The proverbial Holy Grail of human discovery, human curiosity, the history of human consciousness, which has taken many forms, transcending primitive myth, spirituality, religion, philosophy, and modern science, is, has always been, and always will be, Why is there something, rather than nothing? Is there a reason for it all? A cause? Where, when, how, and why did it all begin, and where, when, how, and why will it all end, if ever? What is this stuff we call Reality, Existence; what is the origin of the Universe; who or what is God? I think of it often, and it always, literally, blows my mind.
The aforementioned disciplines have all tried, futilely, to discover the answers to these questions. Understand, before going any further, that all discoveries or concepts within these fields of thought are just that: thought. They are manifestations of the mind, and thus can never approach what is ultimately infinite and immeasurable. What follows is a puny, shoddy description of the infinite. No combination of words, using all of the countless syllables in all the languages of the world, can come close to describing a single blade of grass, much less the entirety of existence. These discoveries in science – and many of them are currently so untestable that they are largely considered philosophical – are, to me, the proverbial finger pointing at the moon. They point to a way of viewing the Cosmos that ultimately can only be “understood” through simple, silent contemplation, free from the graspings and labellings of the mind.
Even mainstream, conventional discoveries in the field of quantum mechanics and string theory, as well as other related, exotic theories, present pictures of reality so outside our view of rational that many physicists are loathe to even consider them. For me, if you’re going to delve into science, proof is always paramount, and extraordinary claims require extraordinary evidence. But what must first be redefined or reconsidered is our understanding of what rational is. What does it mean to be rational, to think rationally? Have you ever examined your perception of the rational and pondered where it came from, whether or not it is a product of your experience, or a meme implanted in your mind by someone else? And if it arises from an external source, do they have an agenda behind it? Are they motivated to help you or hinder you? Why should you trust them?
The old scientific disciplines tell us a very bleak story about our existence and relationship to the Universe. They tell us we are mechanical beings functioning solely as the vehicle for our genetics to express themselves from generation to generation, that we exist inside and separate from a predictable machine Universe with strict, stone-set laws governing everything, some would say even the concepts of free will. Your thoughts, your actions, your choices, are not your own, but a minuscule, insignificant factor in the inevitable unfolding of events set forth according to the laws of the Universe created at the Big Bang. What happened before the Big Bang; what caused the Big Bang? We don’t consider such questions, or pretend they’re unimportant. All we know is, the Universe is dead and meaningless. This view of course informs our view of ourselves, with these views of separateness and disconnect from our environment being the source of the violence and destruction that permeates our “civilization”.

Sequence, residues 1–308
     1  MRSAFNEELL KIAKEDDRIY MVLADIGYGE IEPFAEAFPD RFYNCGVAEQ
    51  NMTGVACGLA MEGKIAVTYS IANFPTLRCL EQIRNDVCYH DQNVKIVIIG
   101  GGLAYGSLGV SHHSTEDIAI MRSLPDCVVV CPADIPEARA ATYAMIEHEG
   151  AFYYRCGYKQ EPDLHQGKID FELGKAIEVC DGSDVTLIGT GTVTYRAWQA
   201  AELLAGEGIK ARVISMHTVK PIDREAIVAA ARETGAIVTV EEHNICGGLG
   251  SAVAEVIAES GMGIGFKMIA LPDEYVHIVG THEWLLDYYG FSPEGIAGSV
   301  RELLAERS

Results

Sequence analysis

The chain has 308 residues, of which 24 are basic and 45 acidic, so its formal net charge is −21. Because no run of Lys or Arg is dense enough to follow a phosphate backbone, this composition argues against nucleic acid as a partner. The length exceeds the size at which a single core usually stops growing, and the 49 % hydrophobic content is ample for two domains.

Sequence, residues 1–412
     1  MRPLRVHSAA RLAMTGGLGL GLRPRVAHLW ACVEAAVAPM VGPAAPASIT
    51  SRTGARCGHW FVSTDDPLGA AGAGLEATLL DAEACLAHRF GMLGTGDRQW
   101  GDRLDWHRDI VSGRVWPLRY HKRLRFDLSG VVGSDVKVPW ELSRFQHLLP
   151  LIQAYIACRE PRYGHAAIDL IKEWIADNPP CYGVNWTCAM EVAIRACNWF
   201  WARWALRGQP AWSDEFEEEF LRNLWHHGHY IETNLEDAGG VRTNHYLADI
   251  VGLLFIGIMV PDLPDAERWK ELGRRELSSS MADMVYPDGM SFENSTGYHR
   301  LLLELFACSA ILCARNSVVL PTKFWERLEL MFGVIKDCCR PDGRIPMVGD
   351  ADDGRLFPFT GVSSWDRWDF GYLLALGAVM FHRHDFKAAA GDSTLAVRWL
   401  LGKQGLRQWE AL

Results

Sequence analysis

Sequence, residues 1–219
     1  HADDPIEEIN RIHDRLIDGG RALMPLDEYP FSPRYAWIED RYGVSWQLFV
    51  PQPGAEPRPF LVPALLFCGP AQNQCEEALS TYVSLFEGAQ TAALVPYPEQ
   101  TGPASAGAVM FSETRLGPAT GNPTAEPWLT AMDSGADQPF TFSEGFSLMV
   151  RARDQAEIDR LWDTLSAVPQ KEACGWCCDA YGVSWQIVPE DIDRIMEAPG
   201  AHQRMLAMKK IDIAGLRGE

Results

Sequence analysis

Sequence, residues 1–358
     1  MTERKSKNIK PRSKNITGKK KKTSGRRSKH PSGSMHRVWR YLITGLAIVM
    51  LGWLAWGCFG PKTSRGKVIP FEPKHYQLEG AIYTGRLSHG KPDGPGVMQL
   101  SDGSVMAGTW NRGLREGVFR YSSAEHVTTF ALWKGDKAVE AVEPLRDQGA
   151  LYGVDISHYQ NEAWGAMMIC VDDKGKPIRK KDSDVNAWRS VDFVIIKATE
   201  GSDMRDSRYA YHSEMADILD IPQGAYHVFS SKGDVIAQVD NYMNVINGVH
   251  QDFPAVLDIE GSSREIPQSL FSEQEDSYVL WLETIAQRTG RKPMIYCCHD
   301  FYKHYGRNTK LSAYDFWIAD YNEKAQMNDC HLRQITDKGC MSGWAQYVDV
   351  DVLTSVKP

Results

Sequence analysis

The new emerging sciences no longer focus exclusively on the objective, but also on the subjective, because, as will be demonstrated, observations and experiment are showing that the Universe could not exist if consciousness were not present to observe. These new disciplines postulate that we did not come into this world, we came out of it, like a wave on the ocean; that everything, from the deepest fractal division to the most expansive fractal multiplication of this infinite Universe is ultimately One, inseparable, indivisible. This new discipline might seem crazy, and no doubt it is dangerously counterintuitive to the way we experience reality, so that it is widely deemed as irrational by the scientific establishment. However it seems to me that, given the proven fact that our senses are so utterly futile in perceiving the world around us that it can hardly be said we experience reality at all, no one, no group or organization, no matter how credentialed, has the right to tell us that some exotic theory or radical interpretation of experiment or observation is irrational.
Many established and accepted observations of experiments have shown that actual reality and our perception of reality through our senses – much of what we base our definition of rational on – are almost always at violent odds. And, if history is any guide, much of what established science considers irrational today may very well be common, assumed knowledge a century from now – and then be proven wrong at a later date. We are constantly learning, constantly accumulating and tossing away, so that if one is truly wise he understands that the more one knows the more he knows he knows nothing. Anyway, as David Bohm put it, no theory could ever be complete because the Universe, this Reality, may very well be infinite. To me, the most important concept in the realm of science is maybe. Or, to give it another name, humility.